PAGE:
The parallels with the Balfour Declaration escaped him – one party promising a second party the land belonging to a third – or maybe not. He ignored 100 years of progressive consciousness and development of international law, anti-colonialism and decolonization. Balfour repeated 100 years later – no lessons learned.
A third person earnestly wondered if it was acceptable or productive to use terms such as “occupation” or “West Bank” instead of “controlled territory” or “Judea and Samaria” respectively because the former may be offensive and antagonize the listener automatically blocking any discussion or hope for agreement.
This closed mindset and limited thinking was not exclusive to audience members. When introducing the evening, the moderator reiterated the policy of both Narayever and JSpace which does not tolerate or encourage discussion which seeks to “de-legitimize Israel” or to question “Israel’s right to exist.”
During Q&A when asked to comment on these two terms – legitimization and right to exist – Prof. Sucharov clearly felt they were unhelpful, if not in the no-sense category. She said that the concepts exist within a legal context and an international framework, and should not be bandied about. The measure of a state is not its existence (because it exists) but whether it fulfills its legal obligations within accepted internal state and global structures.
Near the end Prof. Sucharov, perhaps out of exasperation at the lack of openness to her message, almost pleaded for someone in the audience to challenge what she was bringing. She could more rightly have asked to be engaged. Being challenged by constant hurling of the Hamas charter or Iran’s purported desire to wipe Israel off the map is hardly enlightening or useful to dialogue. Quite the opposite – it sinks conversation and kills intelligent discovery.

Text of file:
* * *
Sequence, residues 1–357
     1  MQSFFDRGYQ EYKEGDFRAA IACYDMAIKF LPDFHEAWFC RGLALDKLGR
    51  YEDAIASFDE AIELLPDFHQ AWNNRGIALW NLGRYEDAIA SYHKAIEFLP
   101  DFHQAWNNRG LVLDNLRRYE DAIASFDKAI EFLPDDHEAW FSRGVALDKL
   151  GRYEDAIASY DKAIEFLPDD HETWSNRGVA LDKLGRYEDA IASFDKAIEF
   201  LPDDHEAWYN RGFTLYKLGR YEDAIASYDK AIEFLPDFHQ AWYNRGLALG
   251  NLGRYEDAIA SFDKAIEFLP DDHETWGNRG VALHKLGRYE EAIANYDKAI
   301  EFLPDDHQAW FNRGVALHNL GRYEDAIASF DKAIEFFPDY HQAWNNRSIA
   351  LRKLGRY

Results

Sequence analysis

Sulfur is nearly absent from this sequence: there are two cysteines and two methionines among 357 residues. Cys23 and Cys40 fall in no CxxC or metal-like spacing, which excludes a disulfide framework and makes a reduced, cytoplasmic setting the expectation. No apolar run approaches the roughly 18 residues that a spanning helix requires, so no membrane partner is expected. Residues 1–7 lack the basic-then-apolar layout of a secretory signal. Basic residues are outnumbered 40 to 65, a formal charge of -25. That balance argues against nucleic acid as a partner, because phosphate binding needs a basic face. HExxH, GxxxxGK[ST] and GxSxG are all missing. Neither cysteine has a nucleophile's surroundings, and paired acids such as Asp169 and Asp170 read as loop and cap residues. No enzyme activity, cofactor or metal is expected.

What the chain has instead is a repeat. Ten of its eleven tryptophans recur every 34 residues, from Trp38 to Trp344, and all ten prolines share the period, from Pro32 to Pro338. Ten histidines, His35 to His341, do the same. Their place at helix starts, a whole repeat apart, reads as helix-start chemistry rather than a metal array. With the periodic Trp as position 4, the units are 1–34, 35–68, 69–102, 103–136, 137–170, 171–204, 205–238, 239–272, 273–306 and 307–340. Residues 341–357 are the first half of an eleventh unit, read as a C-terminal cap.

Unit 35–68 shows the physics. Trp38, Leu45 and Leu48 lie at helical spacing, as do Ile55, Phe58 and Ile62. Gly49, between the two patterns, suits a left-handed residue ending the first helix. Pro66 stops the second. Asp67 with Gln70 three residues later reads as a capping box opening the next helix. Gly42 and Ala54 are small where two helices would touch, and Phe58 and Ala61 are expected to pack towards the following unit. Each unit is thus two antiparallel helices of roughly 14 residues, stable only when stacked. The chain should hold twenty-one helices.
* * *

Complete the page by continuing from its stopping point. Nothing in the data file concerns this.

Of course no community is monolithic. More engaging questions were posed by others who identified themselves as Jews. One grew up in an Israeli settlement and was concerned about the treatment of African refugees in Israel. Another who also grew up in Israel was frustrated by the many “peace processes” that go nowhere or only make things worse. A third was a member of an activist group called “If Not Now” comprised of young Jews opposed to the occupation. The group’s stated goal is to end Jewish institutional support in North America for the occupation.”
The question came across as a cry for help and understanding from someone who was obviously struggling with their community when it comes to Israel and Zionism.
The talk served an important purpose: it contrasted the vibrant, intelligent and generous talk by Prof. Sucharov against a wall of blind spots so pervasive as to be spectacularly myopic. The lack of vision or even an imagination of a different dynamic from a professed progressive audience was very distressing.
We can only hope that Jewish community venues continue to invite speakers like Mira Sucharov because it is only voices and messages such as hers which can rescue Canada’s mainstream Jewish communities from autopilot slumber and from moral stupor. Such an awakening might help bring a just peace to Israel-Palestine.
Robert Massoud is a Palestinian-Canadian. In 2004, he founded Zatoun to build bridges between Palestine and North America through the sale of cultural and symbolic products from Palestine. He is invited to speak to faith groups, activist networks and student bodies with a unique message of creative participation and nonviolent resistance engaging North Americans to learn and be in solidarity with Palestinians and their struggle for a just peace. Robert believes that the Israel-Palestine situation is of direct interest to all humanity and its resolution vital to peace in the world and ultimately to the health of the planet. He can be reached at firstname.lastname@example.org.